An acetylcholinesterase inhibitor (often abbreviated AChEI) or anti-cholinesterase is a chemical that inhibits the acetylcholinesterase enzyme from breaking down acetylcholine, thereby increasing both the level and duration of action of the neurotransmitter acetylcholine. Acetylcholinesterase inhibitors are classified as reversible, irreversible, or quasi-irreversible (also called pseudo-irreversible).
To treat Alzheimer's disease, Lewy Body Dementia and Parkinson's disease. In these neurodegenerative conditions AChEIs are primarily used to treat the cognitive (memory and learning deficits mostly) symptoms of dementia. These symptoms are attenuated due to the role of acetylcholine in cognition in the CNS. There is some evidence to suggest that AChEIs may attenuate psychotic symptoms (especially visual hallucinations) in Parkinson's disease.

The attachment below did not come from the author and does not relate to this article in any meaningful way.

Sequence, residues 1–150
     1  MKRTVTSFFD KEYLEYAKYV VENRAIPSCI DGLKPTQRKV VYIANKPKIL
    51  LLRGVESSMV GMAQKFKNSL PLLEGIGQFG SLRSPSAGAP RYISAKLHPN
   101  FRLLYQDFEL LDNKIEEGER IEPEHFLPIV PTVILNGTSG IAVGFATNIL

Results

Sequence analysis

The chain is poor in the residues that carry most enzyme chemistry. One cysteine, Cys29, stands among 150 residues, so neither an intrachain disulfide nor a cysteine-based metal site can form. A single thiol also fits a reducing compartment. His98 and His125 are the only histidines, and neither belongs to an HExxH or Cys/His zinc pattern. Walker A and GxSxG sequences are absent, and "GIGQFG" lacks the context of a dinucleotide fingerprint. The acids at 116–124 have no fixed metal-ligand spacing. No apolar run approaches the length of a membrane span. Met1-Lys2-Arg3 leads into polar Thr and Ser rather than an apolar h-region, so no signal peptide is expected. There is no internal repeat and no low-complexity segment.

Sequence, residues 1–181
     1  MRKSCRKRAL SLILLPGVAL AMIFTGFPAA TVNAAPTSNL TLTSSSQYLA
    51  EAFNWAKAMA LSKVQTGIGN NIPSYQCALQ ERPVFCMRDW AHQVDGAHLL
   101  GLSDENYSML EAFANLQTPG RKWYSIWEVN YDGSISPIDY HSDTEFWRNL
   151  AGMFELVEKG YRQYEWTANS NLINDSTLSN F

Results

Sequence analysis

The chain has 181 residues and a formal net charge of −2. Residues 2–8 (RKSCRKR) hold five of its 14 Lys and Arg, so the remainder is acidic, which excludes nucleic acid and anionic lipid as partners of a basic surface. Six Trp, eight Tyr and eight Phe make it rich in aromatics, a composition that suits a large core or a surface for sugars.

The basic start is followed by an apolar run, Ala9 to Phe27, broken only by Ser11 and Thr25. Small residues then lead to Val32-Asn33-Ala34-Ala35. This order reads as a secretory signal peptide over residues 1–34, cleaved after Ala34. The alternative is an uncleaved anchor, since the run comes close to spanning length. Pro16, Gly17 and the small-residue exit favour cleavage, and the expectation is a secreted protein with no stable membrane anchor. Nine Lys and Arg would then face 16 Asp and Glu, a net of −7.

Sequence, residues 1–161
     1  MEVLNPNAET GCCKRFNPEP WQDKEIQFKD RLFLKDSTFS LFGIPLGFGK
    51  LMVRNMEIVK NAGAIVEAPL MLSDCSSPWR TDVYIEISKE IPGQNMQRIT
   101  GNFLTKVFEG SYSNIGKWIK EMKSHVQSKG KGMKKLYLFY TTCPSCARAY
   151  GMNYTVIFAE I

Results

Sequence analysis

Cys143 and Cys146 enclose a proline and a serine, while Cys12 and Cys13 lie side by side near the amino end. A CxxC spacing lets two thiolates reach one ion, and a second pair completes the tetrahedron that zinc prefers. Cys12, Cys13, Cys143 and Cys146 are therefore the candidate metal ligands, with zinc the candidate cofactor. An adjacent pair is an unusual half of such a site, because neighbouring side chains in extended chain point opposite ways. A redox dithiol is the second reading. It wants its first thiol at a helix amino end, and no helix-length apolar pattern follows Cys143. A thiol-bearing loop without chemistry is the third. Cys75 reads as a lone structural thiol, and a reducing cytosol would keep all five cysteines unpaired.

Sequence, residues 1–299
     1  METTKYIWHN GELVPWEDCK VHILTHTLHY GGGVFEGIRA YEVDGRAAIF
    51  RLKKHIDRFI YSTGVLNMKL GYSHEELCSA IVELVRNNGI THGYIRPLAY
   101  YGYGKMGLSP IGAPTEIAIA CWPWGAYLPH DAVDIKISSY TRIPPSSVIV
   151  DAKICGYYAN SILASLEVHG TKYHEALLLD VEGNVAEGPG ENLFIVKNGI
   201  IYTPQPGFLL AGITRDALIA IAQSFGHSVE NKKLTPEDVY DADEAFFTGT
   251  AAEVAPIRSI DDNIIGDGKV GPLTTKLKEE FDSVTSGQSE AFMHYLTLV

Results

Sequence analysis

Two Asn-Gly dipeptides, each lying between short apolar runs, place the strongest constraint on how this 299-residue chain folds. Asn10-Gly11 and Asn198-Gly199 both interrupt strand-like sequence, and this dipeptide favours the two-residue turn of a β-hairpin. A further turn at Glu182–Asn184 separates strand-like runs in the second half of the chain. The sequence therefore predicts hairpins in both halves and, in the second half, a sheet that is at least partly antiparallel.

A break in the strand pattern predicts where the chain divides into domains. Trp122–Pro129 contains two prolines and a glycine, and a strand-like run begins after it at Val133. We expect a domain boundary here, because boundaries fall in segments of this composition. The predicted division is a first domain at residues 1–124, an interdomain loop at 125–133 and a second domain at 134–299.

To treat cognitive impairments in patients with schizophrenia. There is some evidence to suggest efficacy in treating positive, negative and affective symptoms.
As a treatment for autism and to increase the percentage of Rapid eye movement sleep in autistic children, in line with the mechanism by which they encourage lucid dreaming.
When used in the central nervous system to alleviate neurological symptoms, such as rivastigmine in Alzheimer's disease, all cholinesterase inhibitors require doses to be increased gradually over several weeks, and this is usually referred to as the titration phase. Many other types drug treatments may require a titration or stepping up phase. This strategy is used to build tolerance to adverse events or to reach a desired clinical effect.
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